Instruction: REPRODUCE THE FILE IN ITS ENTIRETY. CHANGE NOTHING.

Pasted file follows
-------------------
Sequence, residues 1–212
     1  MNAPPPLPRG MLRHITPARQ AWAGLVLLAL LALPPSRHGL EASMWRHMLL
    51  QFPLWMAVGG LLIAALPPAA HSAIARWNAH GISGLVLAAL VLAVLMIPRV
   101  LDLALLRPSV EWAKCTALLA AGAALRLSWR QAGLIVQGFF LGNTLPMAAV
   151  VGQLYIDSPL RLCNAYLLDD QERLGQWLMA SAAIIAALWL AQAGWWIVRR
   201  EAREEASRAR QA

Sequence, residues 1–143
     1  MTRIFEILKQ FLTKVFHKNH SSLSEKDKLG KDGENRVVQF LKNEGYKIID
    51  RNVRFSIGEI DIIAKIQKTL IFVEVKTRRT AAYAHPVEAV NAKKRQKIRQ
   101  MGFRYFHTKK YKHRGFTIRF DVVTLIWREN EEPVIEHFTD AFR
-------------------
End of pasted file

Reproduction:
Sequence, residues 1–212
     1  MNAPPPLPRG MLRHITPARQ AWAGLVLLAL LALPPSRHGL EASMWRHMLL
    51  QFPLWMAVGG LLIAALPPAA HSAIARWNAH GISGLVLAAL VLAVLMIPRV
   101  LDLALLRPSV EWAKCTALLA AGAALRLSWR QAGLIVQGFF LGNTLPMAAV
   151  VGQLYIDSPL RLCNAYLLDD QERLGQWLMA SAAIIAALWL AQAGWWIVRR
   201  EAREEASRAR QA

Sequence, residues 1–143
     1  MTRIFEILKQ FLTKVFHKNH SSLSEKDKLG KDGENRVVQF LKNEGYKIID
    51  RNVRFSIGEI DIIAKIQKTL IFVEVKTRRT AAYAHPVEAV NAKKRQKIRQ
   101  MGFRYFHTKK YKHRGFTIRF DVVTLIWREN EEPVIEHFTD AFR